A peculiar Genius

Published January 1, 2011 by tootingtrumpet

Written on Schumacher’s first retirement.

We should not expect those upon whom the Gods have smiled to be anything other than peculiar in both its meanings. Those blessed with both the talent and the determination to exploit it, will live extraordinary lives and will both shape their strange worlds and be shaped by them. But it is surprising that of a list of geniuses at work in sport today (or very recently), say Woods, Warne, McCoy, Taylor, O’Sullivan, Zidane, Rossi, Federer, Armstrong and Navratilova, only Federer would lie wholly outside descriptors such as eccentric, obsessive, even pathological. And Schumacher fits in the list and descriptors four square.

His genius was unusual in that it lay almost entirely within the realm of maximising advantage through the single-minded application of the ruthlessness of corporatism. Put simply, Schumacher would surround himself with the best talent money could buy, push it harder than his rivals and work at the edge of the legal, happy to accept the penalties as a cost of doing business. He sought competitive advantage, not glory. This element of Schumacher’s character is covered very well athttp://news.bbc.co.uk/sport1/hi/motorsport/formula_one/5320026.stm.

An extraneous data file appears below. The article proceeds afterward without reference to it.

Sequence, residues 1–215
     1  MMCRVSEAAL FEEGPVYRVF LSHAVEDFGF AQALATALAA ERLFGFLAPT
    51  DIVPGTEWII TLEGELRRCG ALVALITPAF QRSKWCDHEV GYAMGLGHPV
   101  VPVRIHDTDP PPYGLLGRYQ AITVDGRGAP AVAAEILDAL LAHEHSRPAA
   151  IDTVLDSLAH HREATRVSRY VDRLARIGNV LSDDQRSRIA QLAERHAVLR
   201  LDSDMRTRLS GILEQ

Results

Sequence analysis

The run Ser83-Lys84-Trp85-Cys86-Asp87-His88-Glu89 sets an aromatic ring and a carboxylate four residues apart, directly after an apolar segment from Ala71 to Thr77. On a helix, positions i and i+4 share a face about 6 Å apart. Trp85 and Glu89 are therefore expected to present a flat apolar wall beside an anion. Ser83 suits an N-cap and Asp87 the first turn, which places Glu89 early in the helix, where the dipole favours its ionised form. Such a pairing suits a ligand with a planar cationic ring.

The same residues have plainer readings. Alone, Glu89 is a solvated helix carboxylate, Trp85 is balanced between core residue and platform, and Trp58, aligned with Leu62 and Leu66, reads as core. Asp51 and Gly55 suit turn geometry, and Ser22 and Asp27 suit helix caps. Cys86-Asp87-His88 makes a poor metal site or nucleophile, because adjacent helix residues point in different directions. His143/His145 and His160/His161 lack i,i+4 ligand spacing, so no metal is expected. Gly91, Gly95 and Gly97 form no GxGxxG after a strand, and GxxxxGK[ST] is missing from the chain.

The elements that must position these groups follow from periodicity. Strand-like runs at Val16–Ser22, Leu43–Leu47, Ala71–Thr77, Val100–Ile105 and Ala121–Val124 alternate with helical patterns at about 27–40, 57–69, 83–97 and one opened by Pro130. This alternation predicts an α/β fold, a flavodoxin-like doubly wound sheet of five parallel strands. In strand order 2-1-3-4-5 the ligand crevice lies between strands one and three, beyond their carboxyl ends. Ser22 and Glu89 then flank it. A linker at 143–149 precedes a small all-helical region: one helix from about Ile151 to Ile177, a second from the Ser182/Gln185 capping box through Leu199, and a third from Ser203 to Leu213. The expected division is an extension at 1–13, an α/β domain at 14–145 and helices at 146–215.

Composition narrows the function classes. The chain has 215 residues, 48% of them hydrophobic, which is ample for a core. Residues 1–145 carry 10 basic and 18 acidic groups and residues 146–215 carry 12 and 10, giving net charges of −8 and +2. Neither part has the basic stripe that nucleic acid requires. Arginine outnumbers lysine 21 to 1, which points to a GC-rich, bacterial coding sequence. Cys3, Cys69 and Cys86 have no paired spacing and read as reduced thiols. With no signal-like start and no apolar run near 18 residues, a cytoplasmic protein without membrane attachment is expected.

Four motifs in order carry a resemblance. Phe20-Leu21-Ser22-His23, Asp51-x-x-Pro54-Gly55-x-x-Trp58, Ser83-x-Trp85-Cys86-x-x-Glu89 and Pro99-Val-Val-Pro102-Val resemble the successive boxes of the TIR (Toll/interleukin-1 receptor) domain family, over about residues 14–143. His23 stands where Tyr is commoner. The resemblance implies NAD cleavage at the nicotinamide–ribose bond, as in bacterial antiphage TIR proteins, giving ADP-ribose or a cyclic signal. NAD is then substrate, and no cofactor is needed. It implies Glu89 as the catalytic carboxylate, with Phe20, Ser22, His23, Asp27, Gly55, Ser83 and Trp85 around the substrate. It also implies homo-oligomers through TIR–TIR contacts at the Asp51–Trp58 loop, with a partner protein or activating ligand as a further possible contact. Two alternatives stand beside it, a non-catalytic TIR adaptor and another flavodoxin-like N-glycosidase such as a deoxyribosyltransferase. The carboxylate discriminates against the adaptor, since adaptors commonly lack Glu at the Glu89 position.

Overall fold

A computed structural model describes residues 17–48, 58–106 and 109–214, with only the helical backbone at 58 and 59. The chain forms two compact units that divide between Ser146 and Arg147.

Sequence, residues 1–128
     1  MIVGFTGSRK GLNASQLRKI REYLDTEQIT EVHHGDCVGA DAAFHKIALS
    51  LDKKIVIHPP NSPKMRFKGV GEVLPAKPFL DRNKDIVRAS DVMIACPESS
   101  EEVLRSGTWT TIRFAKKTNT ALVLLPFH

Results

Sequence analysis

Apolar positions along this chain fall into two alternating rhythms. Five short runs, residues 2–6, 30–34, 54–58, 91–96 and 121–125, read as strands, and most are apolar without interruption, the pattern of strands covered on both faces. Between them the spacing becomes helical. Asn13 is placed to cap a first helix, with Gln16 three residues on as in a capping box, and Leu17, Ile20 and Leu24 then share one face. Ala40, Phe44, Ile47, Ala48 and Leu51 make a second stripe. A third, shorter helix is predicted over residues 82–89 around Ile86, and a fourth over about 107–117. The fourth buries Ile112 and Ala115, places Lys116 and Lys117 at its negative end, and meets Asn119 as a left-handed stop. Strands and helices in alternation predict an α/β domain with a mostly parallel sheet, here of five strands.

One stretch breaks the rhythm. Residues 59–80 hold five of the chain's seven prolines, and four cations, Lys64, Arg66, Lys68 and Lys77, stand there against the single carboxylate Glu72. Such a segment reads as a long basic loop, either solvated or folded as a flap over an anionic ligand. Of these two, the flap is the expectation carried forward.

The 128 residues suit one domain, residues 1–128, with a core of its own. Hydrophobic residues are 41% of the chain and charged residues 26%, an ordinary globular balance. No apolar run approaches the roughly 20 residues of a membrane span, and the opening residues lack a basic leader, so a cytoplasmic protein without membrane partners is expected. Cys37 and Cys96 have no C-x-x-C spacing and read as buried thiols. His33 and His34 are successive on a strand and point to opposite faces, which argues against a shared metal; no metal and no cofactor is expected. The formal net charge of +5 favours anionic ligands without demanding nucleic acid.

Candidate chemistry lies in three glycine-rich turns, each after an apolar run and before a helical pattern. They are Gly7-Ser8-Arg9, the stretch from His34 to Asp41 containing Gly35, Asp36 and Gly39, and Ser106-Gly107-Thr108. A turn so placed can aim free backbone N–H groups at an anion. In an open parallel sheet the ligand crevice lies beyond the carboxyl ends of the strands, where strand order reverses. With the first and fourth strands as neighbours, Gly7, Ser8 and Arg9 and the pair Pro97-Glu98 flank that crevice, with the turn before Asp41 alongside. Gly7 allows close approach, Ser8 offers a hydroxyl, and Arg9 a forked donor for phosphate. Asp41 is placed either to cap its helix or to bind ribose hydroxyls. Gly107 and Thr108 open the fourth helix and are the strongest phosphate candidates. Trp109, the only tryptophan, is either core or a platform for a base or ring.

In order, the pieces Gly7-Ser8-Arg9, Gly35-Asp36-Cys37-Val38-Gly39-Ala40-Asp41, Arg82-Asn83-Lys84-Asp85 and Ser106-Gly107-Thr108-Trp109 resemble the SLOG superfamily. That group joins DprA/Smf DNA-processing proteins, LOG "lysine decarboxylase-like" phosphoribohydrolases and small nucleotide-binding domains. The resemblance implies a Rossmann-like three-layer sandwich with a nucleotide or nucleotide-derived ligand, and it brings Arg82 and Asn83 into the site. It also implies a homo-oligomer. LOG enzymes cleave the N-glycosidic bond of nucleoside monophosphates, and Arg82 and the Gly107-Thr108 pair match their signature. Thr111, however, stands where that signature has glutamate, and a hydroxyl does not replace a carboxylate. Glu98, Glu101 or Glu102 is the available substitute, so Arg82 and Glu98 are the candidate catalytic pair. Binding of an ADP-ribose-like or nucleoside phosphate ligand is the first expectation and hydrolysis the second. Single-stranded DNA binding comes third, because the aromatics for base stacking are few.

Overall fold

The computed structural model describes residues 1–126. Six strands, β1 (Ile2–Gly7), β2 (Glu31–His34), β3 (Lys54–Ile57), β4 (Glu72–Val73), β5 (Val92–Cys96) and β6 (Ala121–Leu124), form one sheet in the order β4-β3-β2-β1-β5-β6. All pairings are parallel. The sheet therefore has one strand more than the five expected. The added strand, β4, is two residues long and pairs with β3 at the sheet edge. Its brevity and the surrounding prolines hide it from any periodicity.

Of course, this wasn’t all Schumacher’s fault. The technology and the mind-boggling volume of information available to the engineers meant that the driver’s input diminished, although it always grated that Michael reserved his greatest moments on the track for the lap when his main rival was changing tyres and re-fuelling or for qualifying on pole. Somehow Rossi manages to demonstrate his genius from grid to flag week after week.

But the biggest charge to level at Michael is his reluctance to see a moral dimension to sport, made more disappointing by his central role in the aftermath of the dreadful weekend at Imola that claimed Roland Ratzenberger and Ayrton Senna. Senna’s death was a “Diana moment” for sport – the shock was terrible, the landscape in the days after completely unknown and the sense of loss curiously personal – (for many of us, the Diana death was as nothing compared to John and Ayrton). Michael was stared at and exhorted to provide leadership and, for a while, did, but then the charge sheet started to build with the cynical order to the immensely likeable and loyal Rubens Barrichello to donate a race for the good of his title challenge the last straw for me. Why bother to watch when it’s a back room fix up?

So farewell Michael, and I hope the Gods that Senna was so convinced were protecting him, have not been riled and you get through the next three races without incident. But I hope Alonso holds on and wins a second title – I don’t resent you your haul, but it was often soulless, and sometimes ugly.

 

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